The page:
ii) A significant inaccuracy, misleading statement or distortion once recognised must be corrected, promptly and with due prominence, and – where appropriate – an apology published.

Clause 2 (Opportunity to reply)

A fair opportunity for reply to inaccuracies must be given when reasonably called for.

Clause 3 (Privacy)

i) Everyone is entitled to respect for his or her private and family life, home, health and correspondence, including digital communications.
Findings of the Committee

10. The newspaper had provided a copy of the Home Office statement it had obtained prior to publication. The details about the fine published in the original version of the online article accurately reflected the contents of the statement, which said that a fine of up to £20,000 per illegal worker arrested “will” be imposed. The newspaper was entitled to rely on the official account of the visit and penalty as provided by the Home Office; the newspaper demonstrated that it had taken care not to publish inaccurate information, and there was no breach of Clause 1 (i). 

11. The Committee recognised that the newspaper had faithfully reported the information provided in the Home Office statement in relation to the fine. It was, however, significantly inaccurate to report that a fine of up to £20,000 per illegal worker arrested “will” be imposed. In fact, this was only one possible outcome, and it had not definitely been established that any fine would be imposed. The newspaper amended the online article to correct the inaccuracy once alerted to it, and ensured that it was not reproduced in the print version. It had however contained a significant inaccuracy that required correction; the newspaper had acted promptly, and the wording of the proposed footnote identified the original inaccuracy, and made clear that the article had been amended. This should now be published to avoid a breach of Clause 1 (ii).

12. The Committee then considered the complainant’s remaining concerns. It was not significantly misleading for the newspaper to have used a stock image of police tape for illustration. Neither was it significantly misleading for the article to report that a worker had been detained after “police” found her to be working illegally. The article made clear the outcome of the visit, and that in this case it had been carried out by immigration enforcement officers; the presence, or otherwise, of a constable was not a significant point in circumstances where it is not in dispute that an illegal worker had been detained by immigration officers, exercising powers akin to those used by the police. The Committee welcomed the newspaper’s willingness to amend the image in light of the complainant’s concerns. This amendment was not however required under the terms of the Code, and there was no breach of Clause 1 on this point.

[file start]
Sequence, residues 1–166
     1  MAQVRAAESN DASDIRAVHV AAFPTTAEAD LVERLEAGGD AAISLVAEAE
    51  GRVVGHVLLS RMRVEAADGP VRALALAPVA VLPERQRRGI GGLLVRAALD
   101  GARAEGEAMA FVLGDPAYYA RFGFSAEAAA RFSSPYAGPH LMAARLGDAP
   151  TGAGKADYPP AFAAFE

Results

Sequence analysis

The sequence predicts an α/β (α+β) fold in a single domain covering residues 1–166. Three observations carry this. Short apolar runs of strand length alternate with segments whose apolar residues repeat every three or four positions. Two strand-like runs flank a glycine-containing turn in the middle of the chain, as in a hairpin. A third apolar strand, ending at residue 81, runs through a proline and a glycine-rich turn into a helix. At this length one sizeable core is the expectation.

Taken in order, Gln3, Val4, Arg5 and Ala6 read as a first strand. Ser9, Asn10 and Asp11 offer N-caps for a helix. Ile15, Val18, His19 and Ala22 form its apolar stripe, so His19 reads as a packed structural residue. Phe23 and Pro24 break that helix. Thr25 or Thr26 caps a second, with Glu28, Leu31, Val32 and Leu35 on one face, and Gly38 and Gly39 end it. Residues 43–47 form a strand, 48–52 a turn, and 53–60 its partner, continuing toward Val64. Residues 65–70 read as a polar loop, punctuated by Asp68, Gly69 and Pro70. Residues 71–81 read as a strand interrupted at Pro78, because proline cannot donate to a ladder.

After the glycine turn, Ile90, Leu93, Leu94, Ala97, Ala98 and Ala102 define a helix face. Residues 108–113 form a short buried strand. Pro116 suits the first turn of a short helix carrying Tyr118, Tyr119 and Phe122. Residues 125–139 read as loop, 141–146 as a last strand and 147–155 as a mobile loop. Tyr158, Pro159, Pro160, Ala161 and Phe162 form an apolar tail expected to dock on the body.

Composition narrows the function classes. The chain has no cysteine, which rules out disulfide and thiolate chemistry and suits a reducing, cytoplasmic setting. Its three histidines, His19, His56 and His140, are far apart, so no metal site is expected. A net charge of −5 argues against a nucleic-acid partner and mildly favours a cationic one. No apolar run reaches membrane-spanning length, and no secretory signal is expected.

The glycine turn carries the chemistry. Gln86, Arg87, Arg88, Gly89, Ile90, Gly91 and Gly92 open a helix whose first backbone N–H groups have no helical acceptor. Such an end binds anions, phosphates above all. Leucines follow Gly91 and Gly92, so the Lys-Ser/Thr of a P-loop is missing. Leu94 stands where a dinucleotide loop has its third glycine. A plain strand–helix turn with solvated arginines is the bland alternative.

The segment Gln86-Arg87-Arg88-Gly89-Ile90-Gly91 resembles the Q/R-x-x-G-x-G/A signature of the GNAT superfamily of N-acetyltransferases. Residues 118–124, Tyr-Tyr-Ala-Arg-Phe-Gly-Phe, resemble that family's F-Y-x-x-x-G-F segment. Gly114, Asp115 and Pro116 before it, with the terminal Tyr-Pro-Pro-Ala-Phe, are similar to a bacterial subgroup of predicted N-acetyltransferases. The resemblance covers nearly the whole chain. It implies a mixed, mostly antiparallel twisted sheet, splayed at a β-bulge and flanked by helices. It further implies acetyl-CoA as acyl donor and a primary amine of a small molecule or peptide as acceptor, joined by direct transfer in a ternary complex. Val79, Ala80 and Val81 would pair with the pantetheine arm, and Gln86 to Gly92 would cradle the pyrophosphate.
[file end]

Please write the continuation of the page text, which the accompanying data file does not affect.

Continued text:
13. In circumstances where the article made clear that one person had been detained, and given the nature of the notice received by the complainant, the reference to the fine being imposed “per worker” did not inaccurately suggest that more than one person had been arrested. Further, in circumstances where an arrest had taken place at the restaurant, it was not significantly misleading to publish the story online in the “crime” section. There was no breach of Clause 1 on these points. 

14. The Committee noted the complainant’s concern that an article about her restaurant had been published. However the article did not include any private information about the complainant, and there was no failure to respect her private life. There was no breach of Clause 3. Further, the terms of Clause 2 provide an opportunity to reply to inaccuracies, and do not require newspapers to contact those connected to the coverage prior to publication. The complainant’s concern that she had not been contacted prior to publication did not therefore raise a breach of Clause 2. 

Conclusions

15. The complaint was not upheld.

Remedial Action Required

N/A

Date complaint received: 04/12/2015
Date decision issued: 04/04/2016